One year after going private, Dell has the freedom to execute on its long-term plans and is in a position to take advantage of an industry in turmoil, founder and CEO Michael Dell said.
"I think there's also a plague of short-term thinking that exists in our country, in many sectors," Dell told CNBC's "Squawk Box." "I'm quite proud of the progress that we've made as a private company being able to innovate without this 90-day shot clock that we had for 25 years as a public company."
U.S. product shipments at Dell are up 19.7 percent for the third quarter, compared with 4.3 percent for the industry as a whole. The computer hardware and services company has gained personal computer market share over the past seven quarters and has achieved the fastest year-on-year growth among its peers.
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Dell said the firm could have moved forward as a publicly traded company, but progress would have been slower if the company were still contending with shareholder pressure on issues such as buybacks, dividends and mergers.
"These actions are not necessarily motivated by the long-term interest of the health of business," Dell said.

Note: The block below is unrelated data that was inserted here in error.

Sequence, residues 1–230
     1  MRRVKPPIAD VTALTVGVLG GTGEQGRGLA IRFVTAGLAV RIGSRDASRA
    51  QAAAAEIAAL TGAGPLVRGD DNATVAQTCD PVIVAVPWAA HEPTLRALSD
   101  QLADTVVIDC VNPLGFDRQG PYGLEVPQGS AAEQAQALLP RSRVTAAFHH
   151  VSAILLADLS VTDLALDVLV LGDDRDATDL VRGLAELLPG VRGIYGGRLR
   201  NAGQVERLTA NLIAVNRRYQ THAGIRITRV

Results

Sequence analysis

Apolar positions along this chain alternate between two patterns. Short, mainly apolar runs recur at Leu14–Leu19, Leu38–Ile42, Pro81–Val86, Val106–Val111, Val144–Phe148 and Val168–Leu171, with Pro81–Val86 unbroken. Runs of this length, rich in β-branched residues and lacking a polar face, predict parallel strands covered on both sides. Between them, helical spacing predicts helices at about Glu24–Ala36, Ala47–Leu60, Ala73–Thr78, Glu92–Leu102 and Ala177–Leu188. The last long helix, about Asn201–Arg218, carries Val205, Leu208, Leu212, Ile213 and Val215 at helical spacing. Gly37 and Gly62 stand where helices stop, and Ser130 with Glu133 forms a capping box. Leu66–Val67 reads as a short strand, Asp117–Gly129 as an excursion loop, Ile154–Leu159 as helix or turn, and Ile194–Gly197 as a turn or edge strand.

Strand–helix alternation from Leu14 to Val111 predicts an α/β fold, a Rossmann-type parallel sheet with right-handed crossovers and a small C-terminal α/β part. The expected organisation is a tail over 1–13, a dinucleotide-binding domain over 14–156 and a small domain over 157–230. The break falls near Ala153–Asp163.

The current turmoil in the industry has also created opportunities for Dell, he said.
Last month, Hewlett-Packard said it would spin off its corporate hardware and services business from its computer and printer division. IBM recently announced it would sell its loss-making semiconductor business as it increasingly focuses on cloud computing.
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Dell has recently seen a tremendous influx of channel partners, Dell said, adding that the channel accounts for 40 percent of the company's business and is becoming a larger part of its revenue stream.
"As these companies are splitting off and splitting up, and dividing themselves every which way, this is worrying and troublesome to customers," Dell said. "It creates chaos, and dis-synergies and confusion, and that for us is opportunity."
Dell said the company will continue to create a broad set of end-to-end business solutions.